More than £25bn was wiped off the value of Britain’s biggest companies on Tuesday as traders dumped risky assets and fled to safety as fears grew that Greece will leave the euro and trigger a fresh crisis. The FTSE 100 slid 1.8 per cent to close at its lowest level this year, falling 100 points to 5,554, following the Greek electorate’s rejection of the austerity measures that are a condition of its two bail-outs, worth a combined €219bn. European markets followed suit, with Germany’s Dax dropping almost 2 per cent and France’s CAC sliding nearly 3 per cent. The US Dow Jones Industrial Average dipped 1.3 per cent in early trading after digesting the weekend’s tumultuous developments for a second day, The Telegraph says.
Links between Glencore -the world’s largest commodities trader- and an Israeli billionaire in the Democratic Republic of Congo have been highlighted by an anti-corruption campaign group on the eve of the FTSE 100 giant’s first annual meeting since listing a year ago. Glencore is being urged to carry out and publish an independent audit into whether its ties to Dan Gertler, a friend of Congo’s President Kabila, pose any risk of corruption. Global Witness has examined how offshore companies associated with Mr Gertler acquired stakes in key mines by allegedly paying only a small fraction of their estimated commercial values. The detailed investigation, shown to The Times on the eve of today’s annual meeting, sheds light on opaque dealings by companies with key intermediaries in resource-rich developing countries where corruption is rife.
The chairman of William Hill mounted the first corporate fight-back against the “Shareholder Spring” on Tuesday and criticised investors for blindly voting against the company’s pay policies. Gareth Davis said he had “no intention” of backing down on a £1.2m bonus for Ralph Topping, chief executive – even though 49.9% of investors failed to approve the remuneration report. The bookmaker tackled the rebellion just hours after Aviva announced that Andrew Moss had quit as chief executive with immediate effect. Last week 59% of investors refused to back Aviva’s pay policies. Mr Moss, the third FTSE 100 boss to be toppled following investor pressure, will be paid a £1.75m severance package, according to The Telegraph.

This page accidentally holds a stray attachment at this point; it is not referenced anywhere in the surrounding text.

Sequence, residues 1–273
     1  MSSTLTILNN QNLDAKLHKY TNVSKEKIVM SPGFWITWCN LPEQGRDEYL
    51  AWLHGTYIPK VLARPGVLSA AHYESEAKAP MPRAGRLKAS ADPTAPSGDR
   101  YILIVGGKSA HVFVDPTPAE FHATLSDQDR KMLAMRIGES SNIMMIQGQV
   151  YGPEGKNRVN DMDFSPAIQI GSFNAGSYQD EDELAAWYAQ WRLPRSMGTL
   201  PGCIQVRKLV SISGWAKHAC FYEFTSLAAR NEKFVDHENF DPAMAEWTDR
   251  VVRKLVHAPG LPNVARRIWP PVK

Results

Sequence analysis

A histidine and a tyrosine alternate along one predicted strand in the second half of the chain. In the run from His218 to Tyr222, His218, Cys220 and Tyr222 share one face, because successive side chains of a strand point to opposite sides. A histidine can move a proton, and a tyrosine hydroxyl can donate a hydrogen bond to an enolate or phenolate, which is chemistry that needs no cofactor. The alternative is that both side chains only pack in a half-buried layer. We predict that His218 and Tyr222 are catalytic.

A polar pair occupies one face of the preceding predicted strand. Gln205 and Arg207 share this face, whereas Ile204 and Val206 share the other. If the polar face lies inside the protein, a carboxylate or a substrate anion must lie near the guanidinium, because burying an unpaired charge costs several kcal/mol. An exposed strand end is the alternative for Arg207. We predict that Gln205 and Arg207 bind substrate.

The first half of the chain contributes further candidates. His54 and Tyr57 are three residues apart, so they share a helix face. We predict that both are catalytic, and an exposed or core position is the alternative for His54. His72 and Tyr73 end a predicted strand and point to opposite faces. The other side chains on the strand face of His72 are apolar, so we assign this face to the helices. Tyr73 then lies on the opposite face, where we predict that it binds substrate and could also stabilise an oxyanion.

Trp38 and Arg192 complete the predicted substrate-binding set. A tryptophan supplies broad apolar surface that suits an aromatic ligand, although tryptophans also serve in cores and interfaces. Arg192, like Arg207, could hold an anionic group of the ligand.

More than 12,000 former public sector workers have retired on pensions worth at least £50,000 a year — twice the average national wage in Britain — according to a report by the Intergenerational Foundation. Taxpayer liabilities for public sector pensions have swelled to £45,000 a household, with government employees enjoying vastly better pension coverage than their private sector counterparts, according to the charity. About 88% of public sector workers are entitled to pensions related to their final salaries, which are typically the most generous, compared with only 10% in the private sector, the charity found, The Times reports.
The largest onshore wind farm in England and Wales has been given approval to be built in the picturesque countryside, despite campaigners condemning it as “ugly”, “inefficient” and “intrusive”. The 76-turbine farm, which will be among the highest of its kind in Europe, will now be developed on a mountainside at Pen y Cymoed in South Wales. The £300m project, which is the latest in a line of proposals protesters have campaigned against since 1994, has been supported by the UK’s energy minister Charles Hendry and approved, despite accusations it will be a “blight on the countryside,” The Telegraph writes.
BSkyB’s dominance of live televised football is so important to the business that its share price would crash if it were to lose the coverage, according to Kelvin MacKenzie, who is launching a rival sports broadcaster. Mr MacKenzie, a former editor of The Sun newspaper, claimed BSkyB shares would halve if regulators took action to break up the broadcaster’s “cartel” with football’s governing bodies around live match broadcast rights. He also claimed BSkyB’s £195m deal with the football league is “wholly illegal,” according to The Telegraph.
Nearly 100,000 City jobs have been lost since 2007 and London’s position as the world’s leading financial centre is under threat from the Far East, according to a report being published today. The Centre for Economics and Business Research said that the average number of City jobs was likely to have dropped to 255,000 this year. This is the lowest level since 1996 and down from its previous estimate of 288,000 and a total of 354,000 jobs in 2007. It comes not long after Lloyds Banking Group said that it would cut 1,600 jobs and Royal Bank of Scotland axed 464 posts, The Times says.
Four in ten companies operating in the North Sea are concerned about the potential impact of the independence referendum in Scotland on their investment plans. A report by Aberdeen and Grampian Chamber of Commerce included a question on whether the referendum planned for 2014 and its possible consequences was “a factor in future plans and investment proposals”. A total of 39% of firms surveyed said it was, 56% said no and 5% did not answer. The study said the responses were “inconclusive” and the issue would be explored further. However, the poll also revealed that more than 50% of oil majors and international and national service companies operating on the UK Continental Shelf claim a move to Scottish Government control of their assets has not been a factor in planning North Sea developments after 2014, The Scotsman reports.